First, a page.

Shaw Review on UK immigration detention: four more key findings

Report finds severely mentally ill are dumped in solitary confinement


Bunches and Bits (Karina)/Flickr


Last week the “Shaw Review” into the UK’s treatment of vulnerable people in immigration detention was released. At 350 pages, the report is one of the largest ever reviews into the UK immigration detention system. We continue our ongoing coverage of the report with four more key findings.


1. Mentally ill locked up in solitary confinement rather than treated

The Shaw Review found evidence that throughout the immigration detention estate, “temporary confinement is sometimes used in the absence of access to appropriate mental healthcare,” including for those suffering from “acute psychotic episodes”.  Using uncharacteristically strong language, Mr. Shaw warns:

“Use of segregation under these circumstances (and particularly extended use) is not consonant with detainees’ welfare, and may represent cruel and unusual punishment

Stephen Shaw, the former Prisons and Probation Ombudsman, calls for the removal of an Immigration Act clause which permits continued immigration detention on the basis of mental illness, calling it “entirely inappropriate“.


2. A dozen deaths in immigration detention 

Twelve deaths have taken place in detention since July 2011, following the widely reported unlawful killing of Jimmy Mubenga in 2010 through excessive restraint by escort guards on a deportation flight.

The report adds that there have been a total of 26 deaths in immigration detention since 1989. Of these – not including the death of Mr Mubenga – nine were suicides, twelve were determined to be the result of natural causes, one was a murder and for three “the cause is no longer known or is uncertain”.

Prison Watch UK is appealing for more information about one of these uncertain deaths: the suspicious death of 31 year old Prince Ofosu or Kwabena Fosu from Ghana.



Mrs. Mubenga with a banner of Jimmy Mubenga Image: 4WardEver Campaign UK/Flickr


3. Websites “blocked inappropriately”

Websites which are frequently blocked for detainees include the BBC, Amnesty International, Skype and Facebook, as well as other NGO and news sites. Mr. Shaw concludes:

“I fully appreciate the need for appropriate security measures, but I do not believe there is any rational case for continuing the blanket ban on Skype and Facebook and like services, or for preventing access to websites that support detainees in their immigration claims, help prepare them for return, or facilitate contact with their families and friends.”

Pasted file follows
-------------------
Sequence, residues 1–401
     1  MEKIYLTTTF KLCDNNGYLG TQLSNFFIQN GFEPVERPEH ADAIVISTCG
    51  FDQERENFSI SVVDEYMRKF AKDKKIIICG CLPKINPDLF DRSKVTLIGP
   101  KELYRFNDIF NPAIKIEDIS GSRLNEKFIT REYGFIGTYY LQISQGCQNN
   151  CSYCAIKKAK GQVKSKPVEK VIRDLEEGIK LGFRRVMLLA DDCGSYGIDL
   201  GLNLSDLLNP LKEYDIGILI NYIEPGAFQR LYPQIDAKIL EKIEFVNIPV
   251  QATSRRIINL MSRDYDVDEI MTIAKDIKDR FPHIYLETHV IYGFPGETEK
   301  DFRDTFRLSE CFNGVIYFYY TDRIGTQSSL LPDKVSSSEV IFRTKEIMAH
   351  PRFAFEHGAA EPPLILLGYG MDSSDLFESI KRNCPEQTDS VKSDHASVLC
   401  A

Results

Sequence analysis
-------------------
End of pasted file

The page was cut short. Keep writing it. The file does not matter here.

4. Up to 40% of detention admissions are transfers from other centres

In 2005-06, University of Exeter professors stated that £6.5 million was spent moving people around different detention centres. Mr Shaw reports:  “I am not aware of a more recent estimate; I assume that the current cost to the public purse must be significantly higher.”

While transfers are sometimes necessary for reasons such as the need to move someone closer to an airport for a scheduled deportation, many of the moves appear unnecessary and arbitrary. Multiple transfers often mean that a detainee’s medical treatment is disrupted or discontinued.

In his most direct criticism of the UK detention system throughout the report, Mr Shaw concludes of the transfer logistics system: “welfare issues are evidently not paramount. In an ethical system, they would be.”



Image: Dave/Flickr


Do you know any more about abuse at UK immigration detention centres? If so, please email us at 

One Comment on “Shaw Review on UK immigration detention: four more key findings”

  1. […] can find Prison Watch UK’s coverage of the key findings of the Shaw Review here, here and […]


Leave a Reply

Fill in your details below or click an icon to log in: Logo

You are commenting using your account. Log Out /  Change )

Google photo

You are commenting using your Google account. Log Out /  Change )

Twitter picture

You are commenting using your Twitter account. Log Out /  Change )

Facebook photo

You are commenting using your Facebook account. Log Out /  Change )

Connecting to %s